Today, I came accross some really interesting papers which made me think that I haven’t paid enough attention to relevant articles in mainstream knowledge management. Some of them are articles with a twist in the sense that they come from the mainstream (ie non-development literature) but they are focused on issues of interest to us. I’d like to thank Mike Powell for sending me in the direction of ubuntu and Julie for her considerable help in locating the papers..
Ubuntu as a key African management concept: contextual background and practical insights for knowledge application
Karsten, Luchien; Illa, Honorine (2005)
Journal of Managerial Psychology, 20(7), 607-620
The article explores how an increasing attention which is being paid to language and culture in organisations can help people to understand the impact of particular management concepts in business practices. A range of publications has been selected to indicate how important language in organisations is and how particular cultural backgrounds influence the applicabilty of management concepts. This has been illustrated with the concept Ubuntu, which gains popularity in South Africa. The applicabilty of Ubuntu in companies will rely on the habitus of the manager to be a good conversationalist.This very interesting paper refers to two others which, I think, are going to be utterly fascinating…
Building competitive advantage from ubuntu: management lessons from South Africa
M. Mangaliso (2001)
Academy of Management Executive 15(3) 23-34
Although I’m not sure of its contents, having only now asked the author for a copy, the way it is quoted in the above paper by Karsten and Illa makes me very keen to read it:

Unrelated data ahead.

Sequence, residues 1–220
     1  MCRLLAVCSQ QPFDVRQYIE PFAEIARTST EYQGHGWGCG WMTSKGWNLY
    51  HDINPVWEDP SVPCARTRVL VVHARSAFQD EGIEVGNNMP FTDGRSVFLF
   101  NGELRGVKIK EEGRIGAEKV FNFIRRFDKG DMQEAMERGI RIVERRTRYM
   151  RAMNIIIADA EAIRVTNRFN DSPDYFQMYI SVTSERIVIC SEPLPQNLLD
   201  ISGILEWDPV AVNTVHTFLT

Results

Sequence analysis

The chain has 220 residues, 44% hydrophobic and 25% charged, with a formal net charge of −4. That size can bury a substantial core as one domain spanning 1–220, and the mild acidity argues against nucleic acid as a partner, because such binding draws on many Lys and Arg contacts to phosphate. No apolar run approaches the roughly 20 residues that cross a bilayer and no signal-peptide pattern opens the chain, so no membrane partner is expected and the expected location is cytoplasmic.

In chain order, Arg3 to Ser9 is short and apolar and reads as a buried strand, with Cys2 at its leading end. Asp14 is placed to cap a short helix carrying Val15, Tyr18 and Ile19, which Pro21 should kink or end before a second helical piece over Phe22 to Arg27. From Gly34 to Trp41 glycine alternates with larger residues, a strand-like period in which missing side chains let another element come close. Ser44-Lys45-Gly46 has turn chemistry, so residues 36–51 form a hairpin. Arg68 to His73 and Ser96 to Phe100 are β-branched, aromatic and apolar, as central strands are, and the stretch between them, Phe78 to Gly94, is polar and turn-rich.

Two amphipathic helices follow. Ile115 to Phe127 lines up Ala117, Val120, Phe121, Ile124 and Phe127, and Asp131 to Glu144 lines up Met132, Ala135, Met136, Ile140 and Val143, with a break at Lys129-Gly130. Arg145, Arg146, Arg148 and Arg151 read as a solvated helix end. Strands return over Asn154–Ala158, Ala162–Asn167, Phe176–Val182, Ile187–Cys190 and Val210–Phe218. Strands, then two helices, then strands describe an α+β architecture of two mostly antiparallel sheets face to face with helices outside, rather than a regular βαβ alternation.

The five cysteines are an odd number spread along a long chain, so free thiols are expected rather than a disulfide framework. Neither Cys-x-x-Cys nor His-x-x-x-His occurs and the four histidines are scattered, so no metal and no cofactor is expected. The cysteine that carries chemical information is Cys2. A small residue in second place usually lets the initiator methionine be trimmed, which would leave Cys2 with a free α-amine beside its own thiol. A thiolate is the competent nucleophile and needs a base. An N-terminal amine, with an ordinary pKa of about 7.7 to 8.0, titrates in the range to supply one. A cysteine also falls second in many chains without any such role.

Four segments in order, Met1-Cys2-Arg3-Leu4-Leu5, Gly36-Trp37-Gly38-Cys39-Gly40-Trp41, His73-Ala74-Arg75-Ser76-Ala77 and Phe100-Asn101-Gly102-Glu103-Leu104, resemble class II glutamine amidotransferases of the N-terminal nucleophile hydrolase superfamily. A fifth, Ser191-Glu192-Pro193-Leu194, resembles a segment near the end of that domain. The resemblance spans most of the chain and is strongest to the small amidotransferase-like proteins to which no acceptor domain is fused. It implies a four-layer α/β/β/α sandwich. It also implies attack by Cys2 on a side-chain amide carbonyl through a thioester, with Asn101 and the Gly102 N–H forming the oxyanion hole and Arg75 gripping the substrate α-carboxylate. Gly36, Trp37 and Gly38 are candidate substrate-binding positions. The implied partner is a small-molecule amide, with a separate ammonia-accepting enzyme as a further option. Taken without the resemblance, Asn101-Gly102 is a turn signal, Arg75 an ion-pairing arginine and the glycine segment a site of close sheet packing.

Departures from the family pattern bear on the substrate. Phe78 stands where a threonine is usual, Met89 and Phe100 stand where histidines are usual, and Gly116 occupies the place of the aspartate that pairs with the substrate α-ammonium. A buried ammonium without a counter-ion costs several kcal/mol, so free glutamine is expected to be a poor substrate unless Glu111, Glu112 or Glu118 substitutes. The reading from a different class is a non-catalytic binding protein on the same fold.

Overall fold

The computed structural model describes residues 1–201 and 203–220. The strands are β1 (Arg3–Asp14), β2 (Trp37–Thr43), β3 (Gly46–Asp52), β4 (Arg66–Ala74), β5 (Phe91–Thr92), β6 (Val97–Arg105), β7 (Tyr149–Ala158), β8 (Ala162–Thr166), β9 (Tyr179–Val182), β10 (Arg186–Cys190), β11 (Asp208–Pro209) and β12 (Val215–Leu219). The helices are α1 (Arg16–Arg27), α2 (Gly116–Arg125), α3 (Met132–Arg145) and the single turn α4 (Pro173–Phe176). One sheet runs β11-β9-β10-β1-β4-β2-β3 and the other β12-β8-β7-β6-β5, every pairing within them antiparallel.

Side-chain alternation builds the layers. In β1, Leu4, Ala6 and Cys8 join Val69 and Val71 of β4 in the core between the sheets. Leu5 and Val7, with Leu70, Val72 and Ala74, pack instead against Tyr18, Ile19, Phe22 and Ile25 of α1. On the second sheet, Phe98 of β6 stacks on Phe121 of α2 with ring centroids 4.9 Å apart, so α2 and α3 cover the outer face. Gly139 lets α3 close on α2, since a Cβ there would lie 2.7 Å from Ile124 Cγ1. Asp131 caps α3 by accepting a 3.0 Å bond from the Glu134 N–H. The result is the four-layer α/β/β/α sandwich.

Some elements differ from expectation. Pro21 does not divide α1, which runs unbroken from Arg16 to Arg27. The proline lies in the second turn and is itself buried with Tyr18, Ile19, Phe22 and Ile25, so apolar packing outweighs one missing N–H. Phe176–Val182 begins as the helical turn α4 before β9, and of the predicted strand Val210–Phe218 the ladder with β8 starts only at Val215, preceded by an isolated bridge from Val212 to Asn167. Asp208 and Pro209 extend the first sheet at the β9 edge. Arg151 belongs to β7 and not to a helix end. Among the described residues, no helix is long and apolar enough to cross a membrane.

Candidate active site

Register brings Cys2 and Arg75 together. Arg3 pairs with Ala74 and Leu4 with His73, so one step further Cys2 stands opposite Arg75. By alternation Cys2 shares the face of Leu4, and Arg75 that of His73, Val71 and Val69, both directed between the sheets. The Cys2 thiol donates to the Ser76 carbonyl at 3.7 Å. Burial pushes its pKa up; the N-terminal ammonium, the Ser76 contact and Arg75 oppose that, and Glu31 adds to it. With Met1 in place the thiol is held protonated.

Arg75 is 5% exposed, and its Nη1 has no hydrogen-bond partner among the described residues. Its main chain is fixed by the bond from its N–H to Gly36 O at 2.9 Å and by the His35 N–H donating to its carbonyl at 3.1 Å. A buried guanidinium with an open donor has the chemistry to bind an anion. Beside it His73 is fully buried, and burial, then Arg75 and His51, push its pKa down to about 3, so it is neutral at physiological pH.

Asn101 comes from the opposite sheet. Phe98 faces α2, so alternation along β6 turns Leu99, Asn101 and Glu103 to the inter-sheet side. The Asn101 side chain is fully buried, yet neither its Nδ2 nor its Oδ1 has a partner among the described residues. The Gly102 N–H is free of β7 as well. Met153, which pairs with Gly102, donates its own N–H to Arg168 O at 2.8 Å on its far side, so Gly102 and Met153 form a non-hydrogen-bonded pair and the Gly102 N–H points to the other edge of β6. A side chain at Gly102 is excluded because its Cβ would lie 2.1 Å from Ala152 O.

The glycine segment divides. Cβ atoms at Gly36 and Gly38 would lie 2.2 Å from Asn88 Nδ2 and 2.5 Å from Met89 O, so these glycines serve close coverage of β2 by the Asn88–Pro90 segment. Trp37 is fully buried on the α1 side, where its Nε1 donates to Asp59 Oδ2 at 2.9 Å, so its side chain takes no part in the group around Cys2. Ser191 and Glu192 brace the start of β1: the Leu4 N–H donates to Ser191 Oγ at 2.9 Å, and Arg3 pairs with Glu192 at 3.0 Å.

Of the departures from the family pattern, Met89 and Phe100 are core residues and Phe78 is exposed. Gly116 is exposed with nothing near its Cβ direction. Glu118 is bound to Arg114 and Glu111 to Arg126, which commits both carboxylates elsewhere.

traditional management training places greater emphasis on the efficiency of information transfer. Ideas must be translated quickly and accurately into words, the medium of the exchange must be appropriate and the reader must accurately understand the message. In the Ubuntu context, however, the social effect of conversation is emphasized, with primacy given to establishing and reinforcing relationships. Unity and understanding among effect group members is valued above efficiency and accuracy of language…’ (Mangaliso 2001: 26)
Why cross-cultural knowledge transfer is a form of translation in more ways than you think
Nigel J. Holden and Harald F. O. Von Kortzfleisch (2004)
Knowledge and Process Management 11( 2): 127–136
Knowledge transfer is often likened to acts of translation. It is argued that translation is a very robust analogue of knowledge transfer and that theory provides insight into cross-cultural sharing processes. Three issues which affect the quality of translation and, hence, knowledge transfer are highlighted: ambiguity, interference (intrusion from one’s own cultural background) and lack of equivalence. Other terms from translation science, which can serve as a useful reference for knowledge management experts, are discussed: translation as a networking activity, process and end-product quality, levels of accuracy and constraints on the production of good translations. A new concept is introduced to the knowledge management community; namely convertibility, which refers to the perceived utility of a knowledge source and the availability of domain experts to reveal its import to final users. Two models representing knowledge transfer as translation are presented, the second of which incorporates Nonaka’s SECI model.